A spokesman for the F.D.I.C. said that the organization “has not characterize the types of loans left behind” and that they would be “disposed at a later date.”

“I think this means that Signature’s commercial real estate portfolio is still up in the air,” Mr. Anderson of Trepp said.

Construction in Lower Manhattan.Gabby Jones for The New York Times

An indicator that Trepp uses to measure the risk of default to loans held by banks on office complexes found that those facing the most distress were in San Francisco — where First Republic is based.

Banks are likely to cut back on lending to preserve capital in order to strengthen their balance sheets in anticipation of further Federal Reserve interest rate increases and renewed calls for regulators to get more aggressive in monitoring risk taking by banks. Any pullback in new lending could affect the start of commercial developments and push the economy closer to a recession.

As bank regulators work to stabilize the financial system, they will also need to keep an eye on banks holding too many commercial real estate loans in their portfolios — something that can create its own set of problems in a slowing economy.

A report late last year by Moody’s Investors Service, the credit rating agency, found that 27 regional banks already had high concentrations of such loans on their balance sheets. The report said the issue could become problematic for banks if the economy fell into a recession.

A construction site in Manhattan on Monday. The banking crisis could slow down building activity.John Taggart for The New York Times

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Gisele Bundchen Reacts to Reports Linking Her to Jiu-Jitsu Teacher and Billionaire Real Estate Developer – TooFab



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Simcoe County’s real estate market shows signs of recovery



Real estate experts paint a cautiously optimistic outlook after a year of downward market trends across the country.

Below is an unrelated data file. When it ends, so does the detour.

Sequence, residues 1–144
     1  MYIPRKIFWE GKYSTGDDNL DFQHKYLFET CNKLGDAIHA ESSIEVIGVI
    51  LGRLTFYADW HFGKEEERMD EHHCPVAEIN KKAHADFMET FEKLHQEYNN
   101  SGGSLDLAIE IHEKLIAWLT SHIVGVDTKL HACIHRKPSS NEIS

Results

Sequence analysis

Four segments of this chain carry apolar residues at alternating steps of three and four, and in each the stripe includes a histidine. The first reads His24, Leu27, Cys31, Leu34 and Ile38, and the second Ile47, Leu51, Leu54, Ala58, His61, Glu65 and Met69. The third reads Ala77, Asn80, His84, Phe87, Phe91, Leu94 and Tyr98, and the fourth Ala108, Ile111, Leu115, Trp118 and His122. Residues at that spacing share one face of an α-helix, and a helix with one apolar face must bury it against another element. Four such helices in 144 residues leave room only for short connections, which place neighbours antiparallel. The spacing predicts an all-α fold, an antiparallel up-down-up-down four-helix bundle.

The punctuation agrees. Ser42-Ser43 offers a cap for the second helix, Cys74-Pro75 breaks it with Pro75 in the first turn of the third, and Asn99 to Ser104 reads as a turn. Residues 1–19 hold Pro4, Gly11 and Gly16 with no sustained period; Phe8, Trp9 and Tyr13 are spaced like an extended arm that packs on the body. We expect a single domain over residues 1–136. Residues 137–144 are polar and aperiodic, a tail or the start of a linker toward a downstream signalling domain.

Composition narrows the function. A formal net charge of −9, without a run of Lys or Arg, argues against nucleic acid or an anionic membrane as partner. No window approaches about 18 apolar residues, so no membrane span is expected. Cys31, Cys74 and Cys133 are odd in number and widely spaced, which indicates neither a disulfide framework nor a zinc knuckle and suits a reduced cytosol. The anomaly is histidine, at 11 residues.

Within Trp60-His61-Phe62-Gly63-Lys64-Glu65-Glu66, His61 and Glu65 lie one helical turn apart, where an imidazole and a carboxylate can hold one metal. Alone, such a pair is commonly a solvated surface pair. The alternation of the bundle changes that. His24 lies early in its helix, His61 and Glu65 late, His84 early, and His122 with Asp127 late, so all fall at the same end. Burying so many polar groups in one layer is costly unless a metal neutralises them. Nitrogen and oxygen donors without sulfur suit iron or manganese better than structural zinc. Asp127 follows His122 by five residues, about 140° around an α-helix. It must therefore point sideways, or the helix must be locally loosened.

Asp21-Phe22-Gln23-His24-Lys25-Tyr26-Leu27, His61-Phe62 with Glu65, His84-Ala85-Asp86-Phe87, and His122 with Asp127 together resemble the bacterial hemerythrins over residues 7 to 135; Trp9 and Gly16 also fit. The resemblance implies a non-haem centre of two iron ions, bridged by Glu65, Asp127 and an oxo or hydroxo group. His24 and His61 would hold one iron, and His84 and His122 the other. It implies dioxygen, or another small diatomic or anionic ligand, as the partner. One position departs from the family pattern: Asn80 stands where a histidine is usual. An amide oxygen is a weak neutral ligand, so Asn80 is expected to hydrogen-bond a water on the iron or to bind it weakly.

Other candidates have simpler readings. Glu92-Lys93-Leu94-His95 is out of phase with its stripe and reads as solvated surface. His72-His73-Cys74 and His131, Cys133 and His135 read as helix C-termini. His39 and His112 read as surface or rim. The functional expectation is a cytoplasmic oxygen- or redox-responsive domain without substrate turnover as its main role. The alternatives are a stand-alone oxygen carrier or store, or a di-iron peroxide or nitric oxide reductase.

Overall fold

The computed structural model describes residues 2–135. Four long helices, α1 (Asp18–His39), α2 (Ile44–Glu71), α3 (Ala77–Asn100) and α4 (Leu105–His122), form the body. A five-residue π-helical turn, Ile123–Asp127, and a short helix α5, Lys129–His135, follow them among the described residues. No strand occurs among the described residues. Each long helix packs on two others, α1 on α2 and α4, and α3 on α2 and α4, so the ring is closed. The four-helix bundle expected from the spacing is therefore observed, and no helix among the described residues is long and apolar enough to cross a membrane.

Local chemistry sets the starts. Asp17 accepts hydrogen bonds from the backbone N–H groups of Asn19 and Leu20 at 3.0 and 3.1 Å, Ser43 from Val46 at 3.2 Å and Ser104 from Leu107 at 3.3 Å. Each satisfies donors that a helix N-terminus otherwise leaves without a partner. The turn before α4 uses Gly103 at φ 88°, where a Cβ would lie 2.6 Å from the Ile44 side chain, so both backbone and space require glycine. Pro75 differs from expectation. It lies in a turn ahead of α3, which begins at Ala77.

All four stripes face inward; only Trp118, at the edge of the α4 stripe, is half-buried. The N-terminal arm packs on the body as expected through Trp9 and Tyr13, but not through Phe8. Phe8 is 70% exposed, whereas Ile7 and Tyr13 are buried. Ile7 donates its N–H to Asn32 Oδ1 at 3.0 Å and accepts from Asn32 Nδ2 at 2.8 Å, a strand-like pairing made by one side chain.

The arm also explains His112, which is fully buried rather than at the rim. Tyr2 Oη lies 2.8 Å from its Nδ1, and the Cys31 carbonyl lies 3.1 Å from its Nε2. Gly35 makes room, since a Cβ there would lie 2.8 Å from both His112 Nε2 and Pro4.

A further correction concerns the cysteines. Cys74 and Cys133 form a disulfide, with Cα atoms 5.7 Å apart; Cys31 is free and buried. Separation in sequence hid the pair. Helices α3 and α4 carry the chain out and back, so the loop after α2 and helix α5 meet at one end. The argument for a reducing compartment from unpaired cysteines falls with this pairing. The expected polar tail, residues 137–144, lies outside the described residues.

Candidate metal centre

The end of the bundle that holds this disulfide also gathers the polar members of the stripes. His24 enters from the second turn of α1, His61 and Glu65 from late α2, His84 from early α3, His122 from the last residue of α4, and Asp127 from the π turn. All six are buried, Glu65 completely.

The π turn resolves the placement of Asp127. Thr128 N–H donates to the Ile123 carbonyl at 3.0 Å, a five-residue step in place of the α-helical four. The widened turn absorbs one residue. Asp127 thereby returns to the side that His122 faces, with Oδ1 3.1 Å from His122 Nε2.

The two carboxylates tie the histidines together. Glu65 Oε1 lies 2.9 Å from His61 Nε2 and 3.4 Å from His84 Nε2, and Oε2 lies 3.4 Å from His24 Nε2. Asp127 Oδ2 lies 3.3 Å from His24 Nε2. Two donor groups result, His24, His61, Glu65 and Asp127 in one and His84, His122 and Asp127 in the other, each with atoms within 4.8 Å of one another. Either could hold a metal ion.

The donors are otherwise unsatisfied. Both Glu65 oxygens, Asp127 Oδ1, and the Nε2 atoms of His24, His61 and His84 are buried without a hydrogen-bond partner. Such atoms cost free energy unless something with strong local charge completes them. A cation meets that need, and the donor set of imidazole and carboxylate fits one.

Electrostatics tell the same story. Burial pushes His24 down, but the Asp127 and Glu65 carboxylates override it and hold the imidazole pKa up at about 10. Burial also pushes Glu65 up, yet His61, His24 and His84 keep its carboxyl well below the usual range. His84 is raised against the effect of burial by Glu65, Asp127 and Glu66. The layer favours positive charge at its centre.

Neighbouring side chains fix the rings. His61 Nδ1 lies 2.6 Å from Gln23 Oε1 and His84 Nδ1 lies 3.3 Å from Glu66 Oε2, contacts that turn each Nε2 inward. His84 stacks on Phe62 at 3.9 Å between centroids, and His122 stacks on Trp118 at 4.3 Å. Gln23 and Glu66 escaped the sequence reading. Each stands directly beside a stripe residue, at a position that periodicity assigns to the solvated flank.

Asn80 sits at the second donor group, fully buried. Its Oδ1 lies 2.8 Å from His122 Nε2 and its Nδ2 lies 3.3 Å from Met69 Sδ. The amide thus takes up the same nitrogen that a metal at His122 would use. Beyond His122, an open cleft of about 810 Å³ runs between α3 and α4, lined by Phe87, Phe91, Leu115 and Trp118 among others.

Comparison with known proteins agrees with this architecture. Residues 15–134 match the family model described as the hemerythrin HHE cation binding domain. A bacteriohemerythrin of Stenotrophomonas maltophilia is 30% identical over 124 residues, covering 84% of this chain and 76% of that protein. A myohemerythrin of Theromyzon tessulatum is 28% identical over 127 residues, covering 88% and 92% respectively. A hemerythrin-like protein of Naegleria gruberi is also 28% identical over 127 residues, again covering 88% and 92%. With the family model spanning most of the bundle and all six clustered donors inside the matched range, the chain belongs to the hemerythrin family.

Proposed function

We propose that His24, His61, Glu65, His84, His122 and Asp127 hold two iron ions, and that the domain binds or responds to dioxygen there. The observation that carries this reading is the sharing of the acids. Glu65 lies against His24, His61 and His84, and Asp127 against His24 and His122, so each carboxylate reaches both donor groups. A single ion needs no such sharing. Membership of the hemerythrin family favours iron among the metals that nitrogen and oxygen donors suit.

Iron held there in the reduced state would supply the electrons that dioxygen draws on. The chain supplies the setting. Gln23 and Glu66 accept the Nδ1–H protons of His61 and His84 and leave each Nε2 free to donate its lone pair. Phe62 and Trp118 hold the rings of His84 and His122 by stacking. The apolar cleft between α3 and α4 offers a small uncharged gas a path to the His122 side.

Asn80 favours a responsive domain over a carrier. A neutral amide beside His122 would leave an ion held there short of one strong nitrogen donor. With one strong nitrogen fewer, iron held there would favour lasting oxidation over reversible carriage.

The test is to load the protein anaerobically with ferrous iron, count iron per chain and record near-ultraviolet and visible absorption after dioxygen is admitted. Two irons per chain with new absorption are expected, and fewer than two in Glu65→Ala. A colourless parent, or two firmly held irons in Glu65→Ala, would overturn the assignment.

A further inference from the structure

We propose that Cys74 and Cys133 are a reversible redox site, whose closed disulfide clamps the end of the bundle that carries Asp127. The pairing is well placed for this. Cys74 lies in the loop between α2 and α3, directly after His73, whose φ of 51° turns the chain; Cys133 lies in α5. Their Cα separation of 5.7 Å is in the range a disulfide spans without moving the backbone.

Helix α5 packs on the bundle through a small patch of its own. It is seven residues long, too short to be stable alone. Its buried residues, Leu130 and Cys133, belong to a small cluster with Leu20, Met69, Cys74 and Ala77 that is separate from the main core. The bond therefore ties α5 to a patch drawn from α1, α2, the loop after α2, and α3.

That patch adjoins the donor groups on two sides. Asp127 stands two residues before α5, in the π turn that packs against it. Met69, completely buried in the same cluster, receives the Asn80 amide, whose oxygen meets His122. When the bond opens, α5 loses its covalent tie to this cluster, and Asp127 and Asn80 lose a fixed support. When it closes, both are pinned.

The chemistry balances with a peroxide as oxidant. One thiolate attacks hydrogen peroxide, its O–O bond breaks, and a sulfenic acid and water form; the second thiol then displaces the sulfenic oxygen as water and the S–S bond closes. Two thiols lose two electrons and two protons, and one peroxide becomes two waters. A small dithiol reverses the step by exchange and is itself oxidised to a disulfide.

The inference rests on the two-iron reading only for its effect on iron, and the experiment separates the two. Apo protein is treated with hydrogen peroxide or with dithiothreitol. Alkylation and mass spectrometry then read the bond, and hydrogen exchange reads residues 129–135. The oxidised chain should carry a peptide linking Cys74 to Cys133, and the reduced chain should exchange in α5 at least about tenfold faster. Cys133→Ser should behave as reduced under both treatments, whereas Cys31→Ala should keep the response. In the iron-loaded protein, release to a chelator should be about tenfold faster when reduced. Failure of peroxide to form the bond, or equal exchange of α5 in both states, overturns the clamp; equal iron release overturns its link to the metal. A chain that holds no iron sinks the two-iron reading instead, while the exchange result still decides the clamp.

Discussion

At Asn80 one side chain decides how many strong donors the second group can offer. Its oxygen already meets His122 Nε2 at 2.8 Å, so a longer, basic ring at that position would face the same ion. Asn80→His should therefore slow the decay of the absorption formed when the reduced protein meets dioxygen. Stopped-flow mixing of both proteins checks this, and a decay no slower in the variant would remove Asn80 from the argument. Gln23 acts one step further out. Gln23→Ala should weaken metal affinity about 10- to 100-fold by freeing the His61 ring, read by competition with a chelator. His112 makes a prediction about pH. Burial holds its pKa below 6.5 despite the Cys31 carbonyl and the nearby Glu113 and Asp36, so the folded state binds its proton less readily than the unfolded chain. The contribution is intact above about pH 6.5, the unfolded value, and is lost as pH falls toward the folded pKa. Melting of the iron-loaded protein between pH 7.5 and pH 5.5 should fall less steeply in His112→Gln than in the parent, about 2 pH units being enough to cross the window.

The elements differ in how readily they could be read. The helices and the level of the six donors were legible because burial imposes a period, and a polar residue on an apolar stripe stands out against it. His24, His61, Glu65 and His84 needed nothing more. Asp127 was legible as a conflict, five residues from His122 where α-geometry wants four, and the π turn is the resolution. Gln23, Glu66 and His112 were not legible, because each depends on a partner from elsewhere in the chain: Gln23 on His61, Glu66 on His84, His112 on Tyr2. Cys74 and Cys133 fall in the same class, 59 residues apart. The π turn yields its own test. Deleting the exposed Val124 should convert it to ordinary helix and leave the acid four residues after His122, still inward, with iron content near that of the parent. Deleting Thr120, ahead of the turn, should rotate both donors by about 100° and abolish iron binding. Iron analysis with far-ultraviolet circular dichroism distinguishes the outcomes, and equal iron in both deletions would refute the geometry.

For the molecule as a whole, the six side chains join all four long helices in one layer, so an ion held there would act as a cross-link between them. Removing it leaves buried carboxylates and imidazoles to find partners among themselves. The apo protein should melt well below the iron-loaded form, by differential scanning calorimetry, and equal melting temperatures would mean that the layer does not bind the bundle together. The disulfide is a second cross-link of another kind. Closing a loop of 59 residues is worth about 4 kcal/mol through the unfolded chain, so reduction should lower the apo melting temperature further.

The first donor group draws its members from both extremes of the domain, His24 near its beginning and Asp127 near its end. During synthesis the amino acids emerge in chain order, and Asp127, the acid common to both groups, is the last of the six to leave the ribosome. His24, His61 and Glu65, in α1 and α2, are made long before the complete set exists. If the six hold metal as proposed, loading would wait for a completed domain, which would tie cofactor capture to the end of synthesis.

Trends in Simcoe County show an increase in viewings and buyers re-entering the market after key interest rate hikes from the Bank of Canada warded off many last year.

Lance Chilton, the broker of record at Re/Max Hallmark Chilton Realty, calls the local market “more or less balanced.”

“Inventory conditions are the same as they once were in 2018,” he noted.” From 2020 to 2022, prices rose to about 43 per cent, which was rather rapid.”


Chilton said key interest rate hikes eventually bottomed out the local market by about September – that’s when home prices that peaked at around $1 million dropped to about $730,000.

“Since then, it’s recovered by about five per cent,” Chilton said. “In fact, we actually saw showings increase for the first time in about six months.”

The Barrie and District Association of Realtors (BDAR) confirms that showings have picked up again, with people getting that “spring fever.”

However, the one key issue that remains is low inventory.

“We saw prices dip because of interest rates and people pulling out of the market, but we never saw that supply come back online,” said Luc Woolsey, BDAR president, adding the situation creates multi-offer bids.

“So there’s still a lot of people having to come in firm, waiving conditions and inspections because they’re having to compete.”